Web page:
Disparity Between Indie Music and Superstar Concert Revenue

Lesser known musicians and indie bands can find an audience today with the help of online services such as Pandora, Spotify and iTunes, while leveraging the marketing power of social networks including Twitter and Facebook. Yet this disruption to music distribution and promotion does not hold true of live performances. Big name music acts continue to dominate while niche, indie acts receive a very small share of concert revenue. Continue reading Disparity Between Indie Music and Superstar Concert Revenue

NAB 2013: Conference Notes – The State of Disruption

A surprisingly large number of people, at times as many as 100, stayed at NAB through Thursday afternoon to attend the 2-day Disruptive Media Conference produced by Ned Sherman and Digital Media Wire. Executives from companies such as Sony, Adobe, Rentrak, Scripps, StumbleUpon, nScreenMedia and others discussed the current impact of disruptive media and what they anticipate for the future. Continue reading NAB 2013: Conference Notes – The State of Disruption

Disruptive TV Trends: What is the Future of the Business of Television?

  • Amsterdam’s annual IBC event offered a number of potential TV game-changers earlier this month, suggests TVNewsCheck. These include cloud-based or service-oriented architecture (SOA) applications for capturing, producing, processing and distributing digital video and audio; IT-based playout (channel in a box) tools that could potentially make broadcast playout more affordable; and 3D technology likely to be deployed for the 2012 London Olympics.
  • Also on display were technologies “aimed at making 3D production more affordable and compatible with standard 2D operations.”
  • Cloud services were at the forefront since broadcasters are now challenged by having to support an increasing number of distribution platforms.
  • Vendors discussed the fundamental concerns about cloud-based architectures, “notably content security, access to content, collaboration, bandwidth and workflow continuity,” reports TVNewsCheck.
  • In a related article from GigaOM that analyzes shifts in traditional television, venture capitalist Habib Kairouz writes that the TV industry is poised for some significant changes due to a number of upcoming trends: TV anywhere and anytime will catch on; the rise of the Internet-connected TV and interactive programming; and personalized advertising.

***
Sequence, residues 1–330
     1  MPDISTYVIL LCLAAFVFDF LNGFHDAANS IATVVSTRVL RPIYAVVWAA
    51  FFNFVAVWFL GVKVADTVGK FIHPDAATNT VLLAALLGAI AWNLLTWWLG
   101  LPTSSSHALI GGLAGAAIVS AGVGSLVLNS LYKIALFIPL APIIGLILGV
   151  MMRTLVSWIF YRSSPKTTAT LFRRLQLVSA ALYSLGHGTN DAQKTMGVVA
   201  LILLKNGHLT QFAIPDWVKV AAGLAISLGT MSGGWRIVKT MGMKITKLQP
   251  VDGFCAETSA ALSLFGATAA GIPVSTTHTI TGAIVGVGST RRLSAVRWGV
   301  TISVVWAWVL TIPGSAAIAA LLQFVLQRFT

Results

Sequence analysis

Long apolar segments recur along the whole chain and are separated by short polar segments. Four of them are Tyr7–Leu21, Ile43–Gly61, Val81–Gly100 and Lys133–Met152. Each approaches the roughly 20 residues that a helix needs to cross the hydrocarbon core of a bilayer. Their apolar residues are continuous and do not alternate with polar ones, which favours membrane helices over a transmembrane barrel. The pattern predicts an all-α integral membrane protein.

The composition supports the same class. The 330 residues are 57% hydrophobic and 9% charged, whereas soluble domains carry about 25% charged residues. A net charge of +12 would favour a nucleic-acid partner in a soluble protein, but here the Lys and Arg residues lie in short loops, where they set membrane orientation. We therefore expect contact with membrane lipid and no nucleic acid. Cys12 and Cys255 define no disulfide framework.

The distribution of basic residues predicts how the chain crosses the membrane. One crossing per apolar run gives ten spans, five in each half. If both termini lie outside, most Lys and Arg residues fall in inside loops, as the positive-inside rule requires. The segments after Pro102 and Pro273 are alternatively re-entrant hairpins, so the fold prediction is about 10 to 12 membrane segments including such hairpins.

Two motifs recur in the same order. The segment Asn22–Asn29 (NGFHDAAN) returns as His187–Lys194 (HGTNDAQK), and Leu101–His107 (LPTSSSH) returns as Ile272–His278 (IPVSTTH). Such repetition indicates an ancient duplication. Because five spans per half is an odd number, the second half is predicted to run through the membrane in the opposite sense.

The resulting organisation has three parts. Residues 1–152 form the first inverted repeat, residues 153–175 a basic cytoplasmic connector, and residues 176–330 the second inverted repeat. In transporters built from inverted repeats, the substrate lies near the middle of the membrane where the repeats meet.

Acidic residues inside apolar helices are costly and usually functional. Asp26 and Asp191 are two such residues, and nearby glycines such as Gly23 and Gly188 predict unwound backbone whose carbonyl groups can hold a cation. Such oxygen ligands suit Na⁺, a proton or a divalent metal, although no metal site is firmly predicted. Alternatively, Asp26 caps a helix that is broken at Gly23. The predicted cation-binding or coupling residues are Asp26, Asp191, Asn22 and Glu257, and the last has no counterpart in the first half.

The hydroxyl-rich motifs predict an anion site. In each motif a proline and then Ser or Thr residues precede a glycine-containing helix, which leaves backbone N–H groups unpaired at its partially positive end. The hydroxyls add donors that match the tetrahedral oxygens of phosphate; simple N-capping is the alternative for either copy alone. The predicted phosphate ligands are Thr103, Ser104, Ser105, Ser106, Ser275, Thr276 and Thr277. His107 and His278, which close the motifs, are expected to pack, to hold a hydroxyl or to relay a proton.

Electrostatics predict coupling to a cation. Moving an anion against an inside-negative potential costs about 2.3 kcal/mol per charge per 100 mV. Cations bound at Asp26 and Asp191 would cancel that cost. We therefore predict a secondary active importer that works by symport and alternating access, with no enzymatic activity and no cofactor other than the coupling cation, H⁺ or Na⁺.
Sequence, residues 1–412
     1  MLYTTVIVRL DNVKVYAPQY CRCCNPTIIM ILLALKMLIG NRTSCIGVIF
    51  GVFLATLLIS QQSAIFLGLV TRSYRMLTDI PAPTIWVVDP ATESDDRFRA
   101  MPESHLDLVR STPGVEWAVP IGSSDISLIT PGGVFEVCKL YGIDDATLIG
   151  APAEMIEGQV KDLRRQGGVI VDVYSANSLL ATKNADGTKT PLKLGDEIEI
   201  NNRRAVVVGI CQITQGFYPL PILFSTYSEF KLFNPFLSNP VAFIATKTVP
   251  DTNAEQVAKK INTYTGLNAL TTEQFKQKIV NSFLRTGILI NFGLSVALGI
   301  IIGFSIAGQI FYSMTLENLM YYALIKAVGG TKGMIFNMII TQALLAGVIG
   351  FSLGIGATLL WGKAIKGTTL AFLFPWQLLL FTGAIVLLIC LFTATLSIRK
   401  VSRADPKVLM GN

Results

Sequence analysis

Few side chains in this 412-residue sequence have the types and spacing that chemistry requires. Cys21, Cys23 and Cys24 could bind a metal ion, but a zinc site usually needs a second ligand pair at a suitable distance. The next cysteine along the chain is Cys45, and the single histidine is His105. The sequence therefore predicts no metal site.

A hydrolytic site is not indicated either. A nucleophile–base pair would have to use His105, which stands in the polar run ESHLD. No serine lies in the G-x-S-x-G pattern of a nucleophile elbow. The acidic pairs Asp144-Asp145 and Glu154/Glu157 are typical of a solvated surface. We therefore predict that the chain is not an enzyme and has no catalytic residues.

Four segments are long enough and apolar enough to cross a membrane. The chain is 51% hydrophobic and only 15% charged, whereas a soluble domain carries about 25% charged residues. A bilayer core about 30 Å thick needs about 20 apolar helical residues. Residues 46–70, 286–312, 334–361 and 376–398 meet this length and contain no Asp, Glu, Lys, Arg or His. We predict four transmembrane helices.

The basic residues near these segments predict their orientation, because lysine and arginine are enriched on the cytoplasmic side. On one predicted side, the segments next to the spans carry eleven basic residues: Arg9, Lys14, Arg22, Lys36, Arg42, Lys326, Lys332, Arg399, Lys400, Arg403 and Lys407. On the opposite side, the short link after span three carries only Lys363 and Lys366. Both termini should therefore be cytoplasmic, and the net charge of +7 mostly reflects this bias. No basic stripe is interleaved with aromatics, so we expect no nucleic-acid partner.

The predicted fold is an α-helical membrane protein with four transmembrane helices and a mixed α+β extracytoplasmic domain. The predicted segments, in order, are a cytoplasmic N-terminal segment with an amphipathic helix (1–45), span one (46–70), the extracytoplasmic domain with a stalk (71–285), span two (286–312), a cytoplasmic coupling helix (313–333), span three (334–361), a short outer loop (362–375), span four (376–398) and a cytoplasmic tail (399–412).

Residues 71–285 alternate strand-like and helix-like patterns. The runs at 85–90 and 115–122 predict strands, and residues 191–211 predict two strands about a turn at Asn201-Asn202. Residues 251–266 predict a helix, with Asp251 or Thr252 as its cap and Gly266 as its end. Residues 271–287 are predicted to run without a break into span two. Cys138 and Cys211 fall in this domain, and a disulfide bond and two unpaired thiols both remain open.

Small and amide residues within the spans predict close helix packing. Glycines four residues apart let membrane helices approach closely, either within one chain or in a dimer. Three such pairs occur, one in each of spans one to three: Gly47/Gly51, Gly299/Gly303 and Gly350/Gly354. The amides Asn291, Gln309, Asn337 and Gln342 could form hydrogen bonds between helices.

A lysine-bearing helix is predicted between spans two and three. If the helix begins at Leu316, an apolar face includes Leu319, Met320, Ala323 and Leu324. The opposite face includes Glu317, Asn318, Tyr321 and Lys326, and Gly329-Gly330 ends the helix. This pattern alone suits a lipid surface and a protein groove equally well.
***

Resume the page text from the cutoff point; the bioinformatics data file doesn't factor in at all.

• The article suggests that content owners will benefit as MSOs, IPTV providers, and others compete with one another. MSO’s are hedging their bets by purchasing both traditional and interactive content, while TV manufacturers are looking to build Internet services into their low margin businesses. We should watch for new entrants to increase the disruption in this space.

Has Amazon Become the Most Disruptive Company in Media?

  • Amazon has become “the most disruptive company in the media and technology industries,” suggests Wired.
  • Amazon’s rumored tablet has the potential to be the perfect machine to sell both digital goods delivered immediately or physical goods delivered in two days.
  • “Why not make an independent movie or television show and release it through Amazon?” asks the article. “Once the video is hosted on Amazon’s servers, it’s available for immediate digital download or streaming through Prime to desktops, tablets or set-top boxes. Both streaming and downloads promise a revenue share for content creators. Customers could buy a Blu-ray or DVD that Amazon burns and ships on demand — no storage, no overhead.”
  • While some of the content may not prove to be top quality, some of it could be the next Funny Or Die or Channel 101 while dramatically impacting distribution: “The breadth and independence of buying choices could easily differentiate Amazon from traditional studios — or even for those studios themselves, from competing services like Netflix.”
  • Amazon may also offer its forked Android-based OS as a platform to hardware partners providing a new platform with its own code, app and media stores, cloud services and revamped UI.
  • “In a year from now,” writes Forrester analyst Sarah Rotman Epps, “we could see a range of ‘Amazon tablets’ made by different hardware manufacturers.”